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Self-Care Is Not a Chore

Self-care is not a chore
Hanging out with friends makes for a great afternoon of self-care. Photo: Getty

If one more person tells me I need to “fill my cup” in the interest of self-care, I’m going to hotbox them in a meat locker. With lots and lots of aged meats.

Stop telling me to get a massage. I don’t want a facial or a pedicure. I might be able to stomach a manicure if I wasn’t forced to sit still for longer than 20 minutes.


So Over This? Find Some Joy.

Here’s how it is

I have a 2-year-old and a 6-month-old. I work full-time as the breadwinner and am always running a side hustle or two at any given time. My husband stays home as the full-time caretaker so I feel guilty any time he has to take care of them outside of, you know, every day. Even though I couldn’t have found a more supportive spouse had I conjured him up from the Ideal Husband Factory in Palo Alto (don’t lie, you just Googled it).

My time with my daughters is precious. My time with my friends is insanely precious because it’s so rare. The idea of taking an hour or two to do something completely by myself sounds asinine. Calling it a “luxury” isn’t the right term. Being alone basically feels like a waste.

My Pandemic Haircut

It’d be like trying to stick to a restricted diet where I am banned from eating brownies, bagels, coffee and cheese. It is completely unrealistic to believe I could follow that. I wouldn’t enjoy eating anymore, which would make me miserable. My self-care equivalent to a diet of beets and dandelion greens is being touched for an hour and slicked up with so much product the neighborhood kids could play Slip-and-Slide on my cheeks. I am never going to get behind the idea of self-care if it’s restricted to a certain type.

Science says

The importance of self-care has been scientifically proven. It’s a mental health regiment as much as a physical one, helping to reduce anxiety, elevate patience and resilience, foster creativity and open- mindedness as well as combating burnout and exhaustion.

It’s also a buzzword that has gotten a lot of face time recently. And just like any good, old-fashioned game of telephone, the more it’s talked about, the more its original meaning and purpose falls away, replaced by the commercialization of the concept for an individual’s or company’s own benefit.

The Mommy Time-Out

Self-care is more than just actions taken. It says it right there in the name: it is the art of taking care of yourself. So for mothers who can’t fathom the space to spend hours doing something alone, who are overwhelmed and guilt-ridden by the idea of trying to practice self-care in the way it’s currently being marketed, it’s OK. You aren’t doing it wrong.

Do it your way

I practice self-care in four ways that are really important to me, and work for me rather than against me.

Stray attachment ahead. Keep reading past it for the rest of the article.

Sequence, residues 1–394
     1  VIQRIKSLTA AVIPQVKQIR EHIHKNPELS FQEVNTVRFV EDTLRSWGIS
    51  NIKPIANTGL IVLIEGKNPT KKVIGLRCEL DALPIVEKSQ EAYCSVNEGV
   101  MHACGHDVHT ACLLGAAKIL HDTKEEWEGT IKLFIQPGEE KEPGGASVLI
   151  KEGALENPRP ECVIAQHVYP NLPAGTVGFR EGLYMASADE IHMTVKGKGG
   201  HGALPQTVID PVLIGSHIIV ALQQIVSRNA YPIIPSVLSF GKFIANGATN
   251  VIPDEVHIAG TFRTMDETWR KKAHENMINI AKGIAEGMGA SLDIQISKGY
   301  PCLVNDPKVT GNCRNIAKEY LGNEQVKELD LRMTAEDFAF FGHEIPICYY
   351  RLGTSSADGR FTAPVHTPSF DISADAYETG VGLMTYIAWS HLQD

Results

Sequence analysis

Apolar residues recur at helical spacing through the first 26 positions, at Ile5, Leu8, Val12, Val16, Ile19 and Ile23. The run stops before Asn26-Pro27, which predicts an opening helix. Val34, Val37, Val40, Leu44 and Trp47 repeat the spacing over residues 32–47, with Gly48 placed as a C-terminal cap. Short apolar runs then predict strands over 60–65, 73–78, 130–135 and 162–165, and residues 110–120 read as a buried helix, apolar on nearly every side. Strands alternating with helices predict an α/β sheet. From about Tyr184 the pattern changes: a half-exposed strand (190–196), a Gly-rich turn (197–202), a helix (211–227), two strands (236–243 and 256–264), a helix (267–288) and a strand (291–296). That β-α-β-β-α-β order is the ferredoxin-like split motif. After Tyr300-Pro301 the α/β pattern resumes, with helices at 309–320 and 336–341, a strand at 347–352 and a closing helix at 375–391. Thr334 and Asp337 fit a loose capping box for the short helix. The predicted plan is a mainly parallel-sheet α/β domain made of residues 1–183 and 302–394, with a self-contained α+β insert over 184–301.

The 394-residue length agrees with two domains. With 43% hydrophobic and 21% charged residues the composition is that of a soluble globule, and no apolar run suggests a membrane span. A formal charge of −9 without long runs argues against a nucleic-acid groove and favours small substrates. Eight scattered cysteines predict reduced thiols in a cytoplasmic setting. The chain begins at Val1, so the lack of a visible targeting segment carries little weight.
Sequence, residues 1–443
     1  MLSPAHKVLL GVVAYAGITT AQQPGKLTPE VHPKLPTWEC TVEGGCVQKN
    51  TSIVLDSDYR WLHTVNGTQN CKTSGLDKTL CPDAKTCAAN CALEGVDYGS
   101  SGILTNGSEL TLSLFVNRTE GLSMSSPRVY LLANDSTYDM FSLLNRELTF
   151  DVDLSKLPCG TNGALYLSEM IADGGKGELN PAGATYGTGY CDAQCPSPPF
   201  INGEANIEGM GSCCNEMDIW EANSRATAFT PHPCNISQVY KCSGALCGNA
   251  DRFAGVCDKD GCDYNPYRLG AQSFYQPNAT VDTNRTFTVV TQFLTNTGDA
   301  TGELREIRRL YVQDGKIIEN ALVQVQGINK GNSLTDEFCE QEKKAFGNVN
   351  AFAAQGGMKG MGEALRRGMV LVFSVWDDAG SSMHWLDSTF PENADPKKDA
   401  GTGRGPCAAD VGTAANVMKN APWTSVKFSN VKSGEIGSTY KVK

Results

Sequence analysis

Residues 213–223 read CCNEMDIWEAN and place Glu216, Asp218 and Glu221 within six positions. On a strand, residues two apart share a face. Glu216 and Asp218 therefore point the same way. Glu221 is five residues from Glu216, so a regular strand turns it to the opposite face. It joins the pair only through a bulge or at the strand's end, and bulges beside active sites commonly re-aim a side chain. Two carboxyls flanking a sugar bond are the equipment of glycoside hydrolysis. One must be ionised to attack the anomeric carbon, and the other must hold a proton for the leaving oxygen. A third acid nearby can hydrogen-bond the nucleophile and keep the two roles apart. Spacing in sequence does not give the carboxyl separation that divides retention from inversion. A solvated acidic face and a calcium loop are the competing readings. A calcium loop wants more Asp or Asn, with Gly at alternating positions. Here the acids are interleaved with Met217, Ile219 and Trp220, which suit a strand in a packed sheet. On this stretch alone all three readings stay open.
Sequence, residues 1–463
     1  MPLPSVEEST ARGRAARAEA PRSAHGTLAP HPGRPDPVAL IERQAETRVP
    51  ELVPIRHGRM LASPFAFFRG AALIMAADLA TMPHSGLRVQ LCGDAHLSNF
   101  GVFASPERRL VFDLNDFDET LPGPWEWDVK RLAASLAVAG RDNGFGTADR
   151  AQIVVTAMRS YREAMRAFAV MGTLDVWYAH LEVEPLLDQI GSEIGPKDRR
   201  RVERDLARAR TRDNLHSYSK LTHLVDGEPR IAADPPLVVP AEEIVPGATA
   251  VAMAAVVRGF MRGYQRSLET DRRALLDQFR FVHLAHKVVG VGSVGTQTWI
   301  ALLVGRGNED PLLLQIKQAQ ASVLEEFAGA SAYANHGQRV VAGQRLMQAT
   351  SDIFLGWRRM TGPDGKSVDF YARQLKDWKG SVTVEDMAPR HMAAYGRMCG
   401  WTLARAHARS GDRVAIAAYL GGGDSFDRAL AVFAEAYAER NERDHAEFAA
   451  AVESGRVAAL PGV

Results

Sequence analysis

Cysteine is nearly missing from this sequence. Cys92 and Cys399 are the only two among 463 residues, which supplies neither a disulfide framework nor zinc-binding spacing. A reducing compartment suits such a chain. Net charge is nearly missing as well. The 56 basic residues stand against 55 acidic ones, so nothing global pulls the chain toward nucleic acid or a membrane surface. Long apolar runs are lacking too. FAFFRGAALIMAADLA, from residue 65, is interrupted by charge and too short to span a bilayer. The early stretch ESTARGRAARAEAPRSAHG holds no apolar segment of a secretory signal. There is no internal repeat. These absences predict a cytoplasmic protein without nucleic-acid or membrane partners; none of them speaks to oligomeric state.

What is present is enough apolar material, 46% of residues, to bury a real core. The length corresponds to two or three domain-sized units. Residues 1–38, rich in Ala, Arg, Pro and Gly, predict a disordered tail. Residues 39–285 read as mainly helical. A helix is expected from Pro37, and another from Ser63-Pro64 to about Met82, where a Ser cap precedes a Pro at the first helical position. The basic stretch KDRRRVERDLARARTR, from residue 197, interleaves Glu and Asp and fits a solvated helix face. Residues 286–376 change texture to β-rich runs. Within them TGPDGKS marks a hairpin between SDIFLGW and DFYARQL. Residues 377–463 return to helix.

Boundary setting. Self-care to me means not straining my already overfilled mental and emotional load. Saying no to opportunities, no matter how awesome they seem or how much I want to help, is a tool it has taken me years to hone, but one that serves me well when it comes to my mental health. By stepping away from volunteer activities or extra projects, I give myself permission to prioritize what’s important to me at this time in my life, knowing I can go back to it later when I’m ready.

Literally taking care of myself. Making sure I am drinking water, choosing the stairs, eating good foods that fuel my body, taking a shower—no need to wile away in a pile of bubbles, just being clean is enough. Doing simple daily activities to give me the energy and confidence to tackle the day feels like a win.

Mom for this Moment

Hanging out with friends. Those bitches are my life line! It doesn’t matter if I need to air out some grievances, bounce ideas off them or just check in to see what is going on in their lives, touching base with other women in my life truly energizes me and gives me the space to get out of my own head. The women I surround myself with are smart, driven and empathetic people. They listen, laugh and love with the best of them. I know walking away from a coffee or a walk with them will give me a new perspective or just a break from the monotony of the day. And, honestly, a hot coffee and really good breakfast sets me up for a week’s worth of happiness.

And one more…

Writing. It gives me such joy to share my perspective and feelings with the world to help women feel less alone. But even if I am journaling for no one but myself, getting my thoughts down on paper helps me work through situations more effectively than anything. Alternatively, writing creatively gives my mind an outlet, a space to go where I can imagine any scenario and outcome I want. I can create new characters and timelines. The freedom to create and see my work on paper is a gift and a release all at the same time.

Self-care doesn’t have to be a burden or one more proverbial item on the to-do list. The expectations for how self-care is supposed to go can sap the very mental energy it’s expected to bring. If you can make yourself a fancy meal that you can enjoy after bedtime instead of eating PB&J crusts and macerated vegetables, or steal away three minutes before walking in the door after work to meditate, or say no to the 10th birthday party this month, your mind, body and overfilled cup will thank you.

About Krystina Wales

Baltimore's Child is written by parents like you. Want to contribute? Email our editor Jessica Gregg at [email protected]

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